Which are the cybersecurity predictions for 2023?
After a sharp increase of cyberattacks in 2022, in 2023 an evolution in the targets of cybercriminals, deepfake technology, and the role of Governments, a growth of hacktivism, and a consolidations of organizations’ cybersecurity infrastructures are expected, as Check Point Software highlights.
Cyberattacks in 2022
Cyberattacks across all industry sectors increased by 28% in the third quarter of 2022 compared to 2021, and Check Point predicts a continued sharp rise worldwide, driven by increases in ransomware exploits and in state-mobilized hacktivism driven by international conflicts. “At the same time – they say – organizations’ security teams will face growing pressure as the global cyber workforce gap of 3.4 million employees widens further, and Governments are expected to introduce new cyber-regulations to protect citizens against breaches”.
In 2022 cyber criminals and state-linked threat actors continued to exploit organizations’ hybrid working practices, and the increase in these attacks is showing no signs of slowing as the Russia – Ukraine conflict continues to have a profound impact globally. “Organizations – they continue – need to consolidate and automate their security infrastructure to enable them to better monitor and manage their attack surfaces and prevent all types of threat with less complexity and less demand on staff resources”.
Below are Check Point’s cybersecurity predictions for 2023.
Ransomware and phishing
Ransomware was the leading threat to organizations in the first half of 2022, and the ransomware ecosystem will continue to evolve and grow with smaller, more agile criminal groups forming to evade law enforcement.
While phishing attempts against business and personal email accounts are an everyday threat, in 2023 criminals will widen their aim to target business collaboration tools with phishing exploits. These are a rich source of sensitive data given most organizations’ employees continue to often work remotely.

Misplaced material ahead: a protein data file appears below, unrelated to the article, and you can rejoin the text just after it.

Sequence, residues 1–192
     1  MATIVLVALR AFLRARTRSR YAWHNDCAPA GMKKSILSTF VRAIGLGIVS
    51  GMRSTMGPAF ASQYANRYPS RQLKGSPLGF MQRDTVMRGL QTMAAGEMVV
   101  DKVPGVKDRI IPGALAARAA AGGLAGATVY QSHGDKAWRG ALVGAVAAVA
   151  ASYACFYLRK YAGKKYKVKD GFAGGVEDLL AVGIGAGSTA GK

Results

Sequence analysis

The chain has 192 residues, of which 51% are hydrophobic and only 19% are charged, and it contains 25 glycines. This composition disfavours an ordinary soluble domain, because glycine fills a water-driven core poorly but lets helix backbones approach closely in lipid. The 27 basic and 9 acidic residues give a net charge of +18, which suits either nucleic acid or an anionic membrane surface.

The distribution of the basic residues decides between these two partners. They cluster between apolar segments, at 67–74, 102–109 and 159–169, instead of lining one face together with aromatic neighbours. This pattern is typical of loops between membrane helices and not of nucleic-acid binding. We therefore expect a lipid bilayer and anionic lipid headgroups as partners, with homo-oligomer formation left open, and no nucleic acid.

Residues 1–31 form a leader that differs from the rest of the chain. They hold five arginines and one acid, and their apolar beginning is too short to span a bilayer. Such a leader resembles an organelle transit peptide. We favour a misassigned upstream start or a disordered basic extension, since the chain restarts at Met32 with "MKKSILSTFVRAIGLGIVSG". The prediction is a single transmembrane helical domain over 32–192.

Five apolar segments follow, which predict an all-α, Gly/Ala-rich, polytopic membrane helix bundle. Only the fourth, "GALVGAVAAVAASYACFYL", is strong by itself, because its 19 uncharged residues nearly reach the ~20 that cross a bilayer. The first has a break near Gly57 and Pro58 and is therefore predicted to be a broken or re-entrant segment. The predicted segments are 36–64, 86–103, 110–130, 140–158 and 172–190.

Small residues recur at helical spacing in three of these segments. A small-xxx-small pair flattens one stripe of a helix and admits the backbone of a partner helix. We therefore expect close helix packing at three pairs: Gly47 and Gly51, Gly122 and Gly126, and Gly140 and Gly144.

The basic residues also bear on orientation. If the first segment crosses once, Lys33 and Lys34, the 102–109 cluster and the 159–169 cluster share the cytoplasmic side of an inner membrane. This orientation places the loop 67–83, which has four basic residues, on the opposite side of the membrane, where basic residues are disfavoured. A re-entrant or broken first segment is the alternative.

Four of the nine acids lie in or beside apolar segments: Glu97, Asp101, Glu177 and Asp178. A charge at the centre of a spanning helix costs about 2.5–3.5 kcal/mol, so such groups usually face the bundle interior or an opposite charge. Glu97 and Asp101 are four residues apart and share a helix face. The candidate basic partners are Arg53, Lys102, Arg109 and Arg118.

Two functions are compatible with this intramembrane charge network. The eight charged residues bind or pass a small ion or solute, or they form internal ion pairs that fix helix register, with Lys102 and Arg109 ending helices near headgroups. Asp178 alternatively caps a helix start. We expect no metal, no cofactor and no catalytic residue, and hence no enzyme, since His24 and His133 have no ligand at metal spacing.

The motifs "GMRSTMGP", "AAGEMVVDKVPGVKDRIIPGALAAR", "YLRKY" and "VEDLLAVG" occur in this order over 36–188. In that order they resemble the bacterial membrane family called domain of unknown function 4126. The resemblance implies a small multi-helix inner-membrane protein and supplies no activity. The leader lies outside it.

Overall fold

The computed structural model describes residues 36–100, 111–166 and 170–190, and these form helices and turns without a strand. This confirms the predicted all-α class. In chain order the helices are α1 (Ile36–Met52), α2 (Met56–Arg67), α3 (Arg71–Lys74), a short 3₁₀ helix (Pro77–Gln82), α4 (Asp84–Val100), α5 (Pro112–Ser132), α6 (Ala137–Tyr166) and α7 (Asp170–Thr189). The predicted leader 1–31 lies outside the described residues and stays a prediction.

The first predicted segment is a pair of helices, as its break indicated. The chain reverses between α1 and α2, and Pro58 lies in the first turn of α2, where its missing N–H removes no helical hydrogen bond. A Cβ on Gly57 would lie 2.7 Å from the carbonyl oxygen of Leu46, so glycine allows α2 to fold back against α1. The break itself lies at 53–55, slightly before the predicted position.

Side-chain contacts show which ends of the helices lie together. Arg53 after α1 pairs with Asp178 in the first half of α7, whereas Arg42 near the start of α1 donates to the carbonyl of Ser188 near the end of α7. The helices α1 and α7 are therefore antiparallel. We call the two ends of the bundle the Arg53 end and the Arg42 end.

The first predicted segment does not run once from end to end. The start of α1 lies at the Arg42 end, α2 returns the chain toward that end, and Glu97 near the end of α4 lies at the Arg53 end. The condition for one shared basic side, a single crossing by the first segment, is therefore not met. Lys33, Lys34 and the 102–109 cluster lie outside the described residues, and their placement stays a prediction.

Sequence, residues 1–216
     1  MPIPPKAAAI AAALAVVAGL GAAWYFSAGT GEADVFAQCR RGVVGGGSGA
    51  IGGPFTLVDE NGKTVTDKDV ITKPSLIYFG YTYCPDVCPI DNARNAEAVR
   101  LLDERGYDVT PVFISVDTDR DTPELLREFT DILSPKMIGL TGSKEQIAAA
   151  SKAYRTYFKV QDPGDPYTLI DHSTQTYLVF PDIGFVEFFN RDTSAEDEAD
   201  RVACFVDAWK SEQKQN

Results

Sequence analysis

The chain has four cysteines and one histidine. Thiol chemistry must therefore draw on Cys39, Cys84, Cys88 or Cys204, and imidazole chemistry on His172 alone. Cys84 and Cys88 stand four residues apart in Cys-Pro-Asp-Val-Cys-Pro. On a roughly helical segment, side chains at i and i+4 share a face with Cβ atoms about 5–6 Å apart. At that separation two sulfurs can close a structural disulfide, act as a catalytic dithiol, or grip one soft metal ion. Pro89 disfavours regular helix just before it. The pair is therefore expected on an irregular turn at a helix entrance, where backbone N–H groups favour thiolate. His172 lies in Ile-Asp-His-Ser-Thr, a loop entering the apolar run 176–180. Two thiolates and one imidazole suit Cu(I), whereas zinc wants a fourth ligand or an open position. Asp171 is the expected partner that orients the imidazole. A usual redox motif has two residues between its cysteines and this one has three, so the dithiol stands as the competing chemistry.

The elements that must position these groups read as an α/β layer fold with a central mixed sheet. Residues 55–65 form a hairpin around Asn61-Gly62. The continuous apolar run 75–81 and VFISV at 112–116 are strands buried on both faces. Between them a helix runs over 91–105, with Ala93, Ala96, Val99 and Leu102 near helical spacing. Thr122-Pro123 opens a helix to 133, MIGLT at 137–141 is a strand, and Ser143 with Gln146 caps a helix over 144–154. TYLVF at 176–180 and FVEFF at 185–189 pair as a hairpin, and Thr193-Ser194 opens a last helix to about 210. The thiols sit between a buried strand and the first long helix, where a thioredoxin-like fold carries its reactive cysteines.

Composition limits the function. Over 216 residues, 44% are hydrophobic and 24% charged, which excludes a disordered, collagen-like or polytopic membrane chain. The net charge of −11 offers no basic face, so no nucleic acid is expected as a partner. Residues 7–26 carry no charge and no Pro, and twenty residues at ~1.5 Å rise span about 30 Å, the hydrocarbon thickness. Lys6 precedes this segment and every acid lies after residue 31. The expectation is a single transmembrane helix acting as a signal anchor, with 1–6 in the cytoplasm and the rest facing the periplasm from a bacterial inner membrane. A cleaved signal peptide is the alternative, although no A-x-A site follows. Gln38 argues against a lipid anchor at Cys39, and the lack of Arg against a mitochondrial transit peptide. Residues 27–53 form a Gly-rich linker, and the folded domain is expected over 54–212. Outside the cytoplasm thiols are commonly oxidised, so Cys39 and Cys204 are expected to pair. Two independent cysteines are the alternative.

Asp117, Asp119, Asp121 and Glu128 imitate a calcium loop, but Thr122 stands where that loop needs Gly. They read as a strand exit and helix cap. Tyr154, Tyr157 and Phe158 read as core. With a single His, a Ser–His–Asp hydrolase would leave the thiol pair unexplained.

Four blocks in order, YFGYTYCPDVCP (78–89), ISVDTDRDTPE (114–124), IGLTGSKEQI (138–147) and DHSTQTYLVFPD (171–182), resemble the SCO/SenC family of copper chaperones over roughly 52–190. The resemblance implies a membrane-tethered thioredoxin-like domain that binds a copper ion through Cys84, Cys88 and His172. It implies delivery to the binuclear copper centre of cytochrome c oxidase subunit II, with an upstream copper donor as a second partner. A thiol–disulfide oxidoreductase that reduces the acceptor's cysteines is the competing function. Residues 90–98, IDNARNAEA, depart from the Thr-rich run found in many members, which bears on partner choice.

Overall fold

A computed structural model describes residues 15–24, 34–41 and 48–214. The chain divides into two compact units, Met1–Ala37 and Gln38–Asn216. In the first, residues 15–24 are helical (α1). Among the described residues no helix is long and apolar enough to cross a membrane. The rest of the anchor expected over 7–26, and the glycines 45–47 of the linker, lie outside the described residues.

Hacktivism and deepfakes among the cybersecurity predictions 2023
In the past year, hacktivism has evolved from social groups with fluid agendas (such as Anonymous) to state-backed groups that are more organized, structured and sophisticated. Such groups have attacked targets in the US, Germany, Italy, Norway, Finland, Poland, and Japan recently, and these ideological attacks will continue to grow in 2023. Also, deepfakes technology will be increasingly used to target and manipulate opinions, or to trick employees into giving up access credentials.
Evolution in the role of Governments
The breach at an Australian telco has driven the country’s Government to introduce new data breach regulations that other telcos must follow, to protect customers against subsequent fraud. Other national Governments will follow this example in 2023, in addition to existing measures such as GDPR.
More Governments will follow Singapore’s example of setting up inter-agency task forces to counter ransomware and cybercrime,bringing businesses, state departments and law enforcement together to combat the growing threat to commerce and consumers. These efforts are partially a result of questions over whether the cyber-insurance sector can be relied upon as a safety net for cyber incidents.
The automotive industry has already moved to introduce measures to protect the data of vehicle owners. This example will be followed in other areas of consumer goods that store and process data, holding manufacturers accountable for vulnerabilities in their products.
Consolidation of infrastructures
The global cyber-skills gap grew by over 25% in 2022. Yet organizations have more complex, distributed networks and cloud deployments than ever before because of the pandemic. “Security teams – they conclude from Check Point – need to consolidate their IT and security infrastructures to improve their defences and reduce their workload, to help them stay ahead of threats. Over two-thirds of CISOs stated that working with fewer vendors’ solutions would increase their company’s security”.